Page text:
“Any makeover ETFs have had has only been skin deep but at heart they are the same,” he says.
The basic structure of ETFs, the buying and selling intraday on an exchange continues to function well, despite the worst the markets have thrown at them.
“Just as the cost of Barry Manilow’s CDs fell as online streaming gained popularity, ETFs have become a whole lot cheaper in the past 10 years. Cut-throat competition from new entrants has forced down prices. A decade ago an S&P 500 ETF would have cost you 0.40%; today it is around 0.04%.
“As fees on ETFs have fallen, issuers have scouted around for new ‘value added’ ideas that might prove to be the next hit. This has led to a constellation of smart beta and thematic ETFs.
“The longest-running hits have been the higher-dividend ETFs, but also thematic ETFs such as robotics and cyber-security have shot up the charts.
“We have nearly always had fixed-income ETFs but offerings in areas such as high yield and emerging market bonds have introduced investors to new styles.
“A lot of the indices ETFs have followed are bespoke and ‘liquid’ to enable the issuers to keep their intraday trading promise and also illustrate the limits of ETF investing, ie that they cannot go into illiquid areas of the market.”
“For example, the ETF issuers know they would have a guaranteed hit if they marketed something tracking cobalt or lithium for the electric car enthusiast, but the underlying market is not sufficiently liquid.
“Some issuers have also bought to market products that few investors really understand, such as the infamous Vix ETFs. In their simplest form these products stretched punters to their limits and at their most complex they were beyond nearly everyone, except those calculating the fee.
“The next 10 years will no doubt bring more of the same – greater choice and lower fees. Some of the labels may change but, ultimately, you will continue to be able to buy and sell ETFs intraday, on an exchange.”
Keeping an open mind
As costs come down and the ETF industry evolves we asked Ben Yearsley, a director at Shore Financial Planning, if his use of the products has grown during the past few years and whether or not he expects to increase their use going forward.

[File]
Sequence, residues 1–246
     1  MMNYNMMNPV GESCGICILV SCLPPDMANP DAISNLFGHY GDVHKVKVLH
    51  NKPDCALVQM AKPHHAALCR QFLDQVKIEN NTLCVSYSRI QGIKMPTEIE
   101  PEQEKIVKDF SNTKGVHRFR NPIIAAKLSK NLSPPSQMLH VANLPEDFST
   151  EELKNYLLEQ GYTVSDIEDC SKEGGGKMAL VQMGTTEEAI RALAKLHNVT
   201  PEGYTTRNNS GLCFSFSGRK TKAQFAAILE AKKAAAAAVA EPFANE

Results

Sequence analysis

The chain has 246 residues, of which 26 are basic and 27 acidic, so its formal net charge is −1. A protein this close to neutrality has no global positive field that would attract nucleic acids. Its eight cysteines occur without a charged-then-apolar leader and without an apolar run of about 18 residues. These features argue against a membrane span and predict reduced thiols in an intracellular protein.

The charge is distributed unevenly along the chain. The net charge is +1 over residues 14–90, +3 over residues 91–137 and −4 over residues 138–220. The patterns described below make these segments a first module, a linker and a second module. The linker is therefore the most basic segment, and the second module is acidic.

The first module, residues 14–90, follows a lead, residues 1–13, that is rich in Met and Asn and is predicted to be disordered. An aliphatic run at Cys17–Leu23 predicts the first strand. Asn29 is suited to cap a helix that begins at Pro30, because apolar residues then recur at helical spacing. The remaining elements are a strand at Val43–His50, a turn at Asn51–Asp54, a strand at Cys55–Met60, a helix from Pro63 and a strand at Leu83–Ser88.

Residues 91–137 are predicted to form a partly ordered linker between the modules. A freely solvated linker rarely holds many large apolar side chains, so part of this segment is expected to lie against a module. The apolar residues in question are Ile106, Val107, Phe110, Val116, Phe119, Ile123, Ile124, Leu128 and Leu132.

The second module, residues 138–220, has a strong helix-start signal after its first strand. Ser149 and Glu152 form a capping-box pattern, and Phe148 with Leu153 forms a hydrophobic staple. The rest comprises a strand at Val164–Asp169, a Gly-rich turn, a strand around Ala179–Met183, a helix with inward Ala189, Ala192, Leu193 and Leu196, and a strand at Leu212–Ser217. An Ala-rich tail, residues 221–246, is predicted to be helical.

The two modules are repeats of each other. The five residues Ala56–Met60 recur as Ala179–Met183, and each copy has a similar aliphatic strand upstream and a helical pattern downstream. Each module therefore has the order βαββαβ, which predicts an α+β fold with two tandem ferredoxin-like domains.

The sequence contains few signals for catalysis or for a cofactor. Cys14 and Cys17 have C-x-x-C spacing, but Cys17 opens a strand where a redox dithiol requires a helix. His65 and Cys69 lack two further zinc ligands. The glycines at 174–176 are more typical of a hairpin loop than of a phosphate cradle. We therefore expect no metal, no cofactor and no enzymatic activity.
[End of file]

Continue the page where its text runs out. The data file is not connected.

Despite the increased popularity and assets in ETFs, he says he still finds it difficult to fit them into client portfolios.
“First, mainstream platforms have been fairly slow in adopting anything that isn’t a traditional fund,” he says. “Second, apart from more specialist areas, such as sector-based or commodity ETFs, what are they giving me that’s not available elsewhere?
“I can get a leveraged FTSE 100 if I want, or short oil, but should I be using these in client portfolios? I suspect the answer is no for the majority of advisers.
“The simple answer is that I am not using ETFs any more than I did in the past. I have an open mind about all investment, yet I haven’t felt the need to push for inclusion of ETFs in client portfolios.
“I still equate ETFs with trading and not investing. Although I prefer active investing there are some markets where passives are more appropriate. But do I need to invest via an ETF over a passive fund? I don’t think so. Passive funds have improved in the past decade and now have more openness, transparency and, crucially, far better pricing.
“Should advisers be trying to play market volatility, trading in other words, or should they invest for the long term? My view is that you should invest for the long term and not attempt to time markets. From that perspective I won’t be increasing my use of ETFs owing to market volatility.
“ETFs do have an advantage over [any mutual fund] in this environment due to live pricing but if you are investing for the long term, again, it shouldn’t matter. Indeed, live pricing creates its own problems – when do you trade for clients, for example?
“There is no reason to suggest ETFs will be any better or worse than [mutual] funds in a volatile environment but it will be incumbent on advisers to use them sensibly.”